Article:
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Published: 19:35, April 10, 2022 | Updated: 15:41, April 13, 2022
Filipino voters in HK start casting presidential ballots
By Prime Sarmiento in Hong Kong
Published:19:35, April 10, 2022 Updated:15:41, April 13, 2022 By Prime Sarmiento in Hong Kong

Filipino workers line up outside a polling station in Kennedy Town, Hong Kong Special Administrative Region on April 10, 2022 for the Philippine presidential elections. (JAN YUMUL / CHINA DAILY)

Around 3,000 Filipino voters swamped a polling station at the Bayanihan Center in Kennedy Town, Hong Kong on Sunday, the first day of the month-long overseas absentee voting for the 2022 Philippine presidential elections. 

The voting period for this year’s Philippine national elections officially started Sunday, with nearly 1.7 million Filipinos living overseas casting their votes for the country’s next president.

The huge turnout prompted Philippine Consul General Raly Tejada to personally appeal to Filipino voters queuing at the center to just vote on other days, especially on weekdays when very few will go out to vote

The huge turnout prompted Philippine Consul General Raly Tejada to personally appeal to Filipino voters queuing at the center to just vote on other days, especially on weekdays when very few will go out to vote. 

The overseas absentee voting runs from April 10 until the election day on May 9. Filipinos living in the Philippines can only vote on the election day itself. 

Eman Villanueva, chairman of Bagong Alyansang Makabayan (New Patriotic Alliance) -- Hong Kong and Macao, was not surprised that many people turned out to vote, given the importance of the 2022 elections for migrant Filipino workers.

He said the concern of overseas Filipino workers (OFW) is a “sensitive issue” for the Philippines. Villanueva said a lot of OFWs are hoping to elect a president who can boost the country’s economy and create jobs, allowing these OFWs to finally come back home.

“Most OFWs can’t bring their families abroad so they long for family reunification, which is only possible if they go home for good,” he said.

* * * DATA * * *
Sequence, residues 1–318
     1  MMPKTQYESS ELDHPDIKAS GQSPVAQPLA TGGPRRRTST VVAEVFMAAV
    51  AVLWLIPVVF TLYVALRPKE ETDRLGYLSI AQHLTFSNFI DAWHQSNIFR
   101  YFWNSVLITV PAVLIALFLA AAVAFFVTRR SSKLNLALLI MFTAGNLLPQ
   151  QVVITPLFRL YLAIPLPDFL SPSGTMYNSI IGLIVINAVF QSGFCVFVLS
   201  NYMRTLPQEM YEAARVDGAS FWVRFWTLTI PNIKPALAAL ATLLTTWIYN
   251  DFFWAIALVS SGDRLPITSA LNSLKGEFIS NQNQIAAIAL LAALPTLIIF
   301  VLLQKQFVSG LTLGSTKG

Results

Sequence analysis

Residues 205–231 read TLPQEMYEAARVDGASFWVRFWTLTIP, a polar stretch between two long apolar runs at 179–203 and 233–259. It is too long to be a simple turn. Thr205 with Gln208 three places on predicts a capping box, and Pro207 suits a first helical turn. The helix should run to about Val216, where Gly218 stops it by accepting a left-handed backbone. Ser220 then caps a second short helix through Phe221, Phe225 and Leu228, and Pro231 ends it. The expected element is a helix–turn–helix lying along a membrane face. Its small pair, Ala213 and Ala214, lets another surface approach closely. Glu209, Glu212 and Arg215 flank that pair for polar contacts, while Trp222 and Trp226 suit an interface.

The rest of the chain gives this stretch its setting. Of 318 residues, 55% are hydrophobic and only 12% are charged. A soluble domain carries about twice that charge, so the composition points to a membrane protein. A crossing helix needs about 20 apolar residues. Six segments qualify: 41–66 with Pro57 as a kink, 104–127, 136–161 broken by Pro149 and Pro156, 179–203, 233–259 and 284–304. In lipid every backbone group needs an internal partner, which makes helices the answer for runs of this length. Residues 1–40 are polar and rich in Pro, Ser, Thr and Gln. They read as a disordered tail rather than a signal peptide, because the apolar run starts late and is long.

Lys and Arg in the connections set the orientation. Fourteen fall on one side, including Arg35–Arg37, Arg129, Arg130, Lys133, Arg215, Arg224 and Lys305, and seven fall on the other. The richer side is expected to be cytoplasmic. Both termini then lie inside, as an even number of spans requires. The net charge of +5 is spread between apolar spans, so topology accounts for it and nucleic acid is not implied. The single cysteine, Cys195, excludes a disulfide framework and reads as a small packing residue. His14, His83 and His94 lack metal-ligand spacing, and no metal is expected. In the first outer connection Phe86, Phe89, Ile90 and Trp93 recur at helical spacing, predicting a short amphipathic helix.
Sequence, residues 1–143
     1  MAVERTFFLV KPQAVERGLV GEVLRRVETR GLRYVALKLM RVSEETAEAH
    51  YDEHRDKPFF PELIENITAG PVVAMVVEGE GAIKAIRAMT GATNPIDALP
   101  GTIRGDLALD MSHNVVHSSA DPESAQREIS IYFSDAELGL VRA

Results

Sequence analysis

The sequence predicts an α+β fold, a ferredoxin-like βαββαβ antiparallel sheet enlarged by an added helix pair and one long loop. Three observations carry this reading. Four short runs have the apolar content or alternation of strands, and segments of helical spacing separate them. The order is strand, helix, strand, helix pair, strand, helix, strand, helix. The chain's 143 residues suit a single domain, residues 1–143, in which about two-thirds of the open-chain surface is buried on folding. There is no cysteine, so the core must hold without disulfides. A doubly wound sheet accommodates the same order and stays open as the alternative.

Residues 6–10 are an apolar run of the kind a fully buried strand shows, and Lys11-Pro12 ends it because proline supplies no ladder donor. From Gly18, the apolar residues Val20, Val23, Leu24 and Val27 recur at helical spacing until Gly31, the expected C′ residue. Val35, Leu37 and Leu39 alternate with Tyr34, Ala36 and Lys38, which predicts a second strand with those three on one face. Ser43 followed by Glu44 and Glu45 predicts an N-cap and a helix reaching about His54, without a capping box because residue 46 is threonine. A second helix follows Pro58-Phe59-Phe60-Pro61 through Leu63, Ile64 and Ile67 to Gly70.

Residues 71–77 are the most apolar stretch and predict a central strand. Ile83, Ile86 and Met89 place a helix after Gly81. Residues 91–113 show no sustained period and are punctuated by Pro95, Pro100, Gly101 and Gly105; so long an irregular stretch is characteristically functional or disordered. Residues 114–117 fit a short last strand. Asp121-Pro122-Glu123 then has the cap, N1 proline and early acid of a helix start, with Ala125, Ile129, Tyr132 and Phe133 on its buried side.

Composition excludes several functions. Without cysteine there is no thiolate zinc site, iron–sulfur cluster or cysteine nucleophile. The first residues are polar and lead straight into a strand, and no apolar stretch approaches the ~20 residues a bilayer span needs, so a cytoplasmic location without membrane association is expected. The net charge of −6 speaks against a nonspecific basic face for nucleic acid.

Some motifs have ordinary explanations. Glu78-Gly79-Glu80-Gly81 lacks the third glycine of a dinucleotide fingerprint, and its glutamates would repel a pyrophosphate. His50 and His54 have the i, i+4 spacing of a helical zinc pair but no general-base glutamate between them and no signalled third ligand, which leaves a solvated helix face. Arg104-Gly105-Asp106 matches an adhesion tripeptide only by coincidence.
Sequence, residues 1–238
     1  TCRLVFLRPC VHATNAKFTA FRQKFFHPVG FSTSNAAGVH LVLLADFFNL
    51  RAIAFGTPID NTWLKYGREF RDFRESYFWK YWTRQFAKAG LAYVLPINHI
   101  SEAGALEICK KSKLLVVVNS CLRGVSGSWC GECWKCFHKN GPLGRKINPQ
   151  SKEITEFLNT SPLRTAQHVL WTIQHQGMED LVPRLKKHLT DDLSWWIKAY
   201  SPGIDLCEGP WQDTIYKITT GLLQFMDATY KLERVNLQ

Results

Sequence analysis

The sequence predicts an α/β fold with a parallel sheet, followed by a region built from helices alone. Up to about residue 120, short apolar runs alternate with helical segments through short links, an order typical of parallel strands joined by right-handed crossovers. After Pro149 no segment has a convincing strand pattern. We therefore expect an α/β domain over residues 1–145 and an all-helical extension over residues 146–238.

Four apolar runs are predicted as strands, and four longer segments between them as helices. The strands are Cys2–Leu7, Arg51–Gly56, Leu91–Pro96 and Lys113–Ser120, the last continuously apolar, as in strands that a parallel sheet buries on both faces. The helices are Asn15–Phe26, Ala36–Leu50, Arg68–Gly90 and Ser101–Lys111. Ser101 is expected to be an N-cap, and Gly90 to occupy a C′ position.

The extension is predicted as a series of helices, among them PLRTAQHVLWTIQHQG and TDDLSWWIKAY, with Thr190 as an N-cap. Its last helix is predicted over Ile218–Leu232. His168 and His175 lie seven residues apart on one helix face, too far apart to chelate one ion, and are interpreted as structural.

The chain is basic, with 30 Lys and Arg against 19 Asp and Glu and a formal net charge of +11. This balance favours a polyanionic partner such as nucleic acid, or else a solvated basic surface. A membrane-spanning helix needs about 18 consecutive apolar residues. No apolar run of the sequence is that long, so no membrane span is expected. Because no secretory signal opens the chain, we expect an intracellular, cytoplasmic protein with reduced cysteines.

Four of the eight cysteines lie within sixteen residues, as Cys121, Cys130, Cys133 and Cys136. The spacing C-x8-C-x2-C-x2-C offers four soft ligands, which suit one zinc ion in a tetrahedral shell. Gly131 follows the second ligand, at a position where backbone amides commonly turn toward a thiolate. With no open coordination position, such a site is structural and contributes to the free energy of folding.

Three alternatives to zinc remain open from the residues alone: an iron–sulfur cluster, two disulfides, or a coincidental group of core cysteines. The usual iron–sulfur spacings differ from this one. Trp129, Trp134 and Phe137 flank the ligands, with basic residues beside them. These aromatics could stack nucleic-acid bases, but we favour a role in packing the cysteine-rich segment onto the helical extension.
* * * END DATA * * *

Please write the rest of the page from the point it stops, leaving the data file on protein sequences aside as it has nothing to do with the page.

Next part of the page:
While the number of OFWs account for less than three percent of the over 67 million registered Filipino voters, analysts note that OFW votes are crucial as most of them are their family’s breadwinners and can thus influence the voting preferences of their families back home. OFWs are also concerned and affected by the foreign policy of the elected president.

Filipino workers in Hong Kong practice social distancing as they prepare to vote on April 10, 2022, the first day of the month-long overseas absentee voting exercise for the Philippine presidential elections. (JAN YUMUL / CHINA DAILY)

“China-Philippines relations is very significant for the OFWs here because Hong Kong is part of China,” Villanueva said.  The OFW community in Hong Kong is one of the biggest migrant Filipino communities in the world.

Villanueva, who has been working as a a domestic worker in Hong Kong for more than 30 years, is hoping that whoever wins as president will promote a foreign policy that will best serve Philippine interest.

Chinese President Xi Jinping and outgoing Philippine President Rodrigo Duterte had a telephone summit on April 8. The two leaders recognized that economic and infrastructure cooperation between the two countries must be intensified, according to the official statement issued by the Philippine government.

 Lucio Blanco Pitlo III, research fellow at the Manila-based Asia-Pacific Pathways to Progress Foundation, said China-Philippines’ relations are an “important election issue” in the coming Philippine general elections as China is the Philippines’ largest trade partner.  He also cited the “security and diplomatic challenge”  brought about by the unresolved issue on the South China Sea. 

Pitlo said expanding economic relations and managing differences are two “key imperatives” for the next Philippine president.

Apart from electing the next president, Filipinos will also cast their ballots for the next vice president, 12 Senators, members of the House of Representatives and local government officials.

Froilan Malit Jr, director of Rights Corridor, a Dubai-based media and research platform that examines rights and migration issues, said that  while most OFWs in the Middle East region are organized, there are still OFWs in other parts  of the world who are marginalized and can’t vote.

About half of the total registered OFW voters live in the Middle East and North Africa region.

Malit said that the total number of registered OFW voters is quite low and “that’s very concerning”.  He said the probable reasons for this include: some of them are undocumented migrants; others are domestic workers whose employers forbid them from going out; there are also Filipinos who live in remote areas and can’t access the polling precincts that are usually located in the city.

And then there are those who chose not to vote.  Malit said that these people “don’t trust the political process. That’s why they migrate in the first place (to search for better opportunities abroad).” 

Filipino workers in Hong Kong line up outside the Bayanihan Center in Kennedy Town on April 10, 2022, the first day of the month-long overseas absentee voting exercise for the Philippine presidential elections. (JAN YUMUL / CHINA DAILY)


prime@chinadailyapac.com



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